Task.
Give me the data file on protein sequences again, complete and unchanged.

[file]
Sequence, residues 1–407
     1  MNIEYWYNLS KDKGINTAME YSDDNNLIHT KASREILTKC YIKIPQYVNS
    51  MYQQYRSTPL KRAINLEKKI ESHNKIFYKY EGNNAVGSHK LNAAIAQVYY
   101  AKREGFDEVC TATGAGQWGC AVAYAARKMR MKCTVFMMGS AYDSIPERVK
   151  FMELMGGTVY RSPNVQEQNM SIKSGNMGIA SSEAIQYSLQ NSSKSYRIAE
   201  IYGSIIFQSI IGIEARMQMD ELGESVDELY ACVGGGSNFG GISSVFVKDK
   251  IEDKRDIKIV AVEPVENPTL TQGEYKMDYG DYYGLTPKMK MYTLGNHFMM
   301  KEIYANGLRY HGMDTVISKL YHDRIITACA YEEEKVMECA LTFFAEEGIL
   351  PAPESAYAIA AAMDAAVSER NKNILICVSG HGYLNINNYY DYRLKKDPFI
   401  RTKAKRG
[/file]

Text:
Sequence, residues 1–407
     1  MNIEYWYNLS KDKGINTAME YSDDNNLIHT KASREILTKC YIKIPQYVNS
    51  MYQQYRSTPL KRAINLEKKI ESHNKIFYKY EGNNAVGSHK LNAAIAQVYY
   101  AKREGFDEVC TATGAGQWGC AVAYAARKMR MKCTVFMMGS AYDSIPERVK
   151  FMELMGGTVY RSPNVQEQNM SIKSGNMGIA SSEAIQYSLQ NSSKSYRIAE
   201  IYGSIIFQSI IGIEARMQMD ELGESVDELY ACVGGGSNFG GISSVFVKDK
   251  IEDKRDIKIV AVEPVENPTL TQGEYKMDYG DYYGLTPKMK MYTLGNHFMM
   301  KEIYANGLRY HGMDTVISKL YHDRIITACA YEEEKVMECA LTFFAEEGIL
   351  PAPESAYAIA AAMDAAVSER NKNILICVSG HGYLNINNYY DYRLKKDPFI
   401  RTKAKRG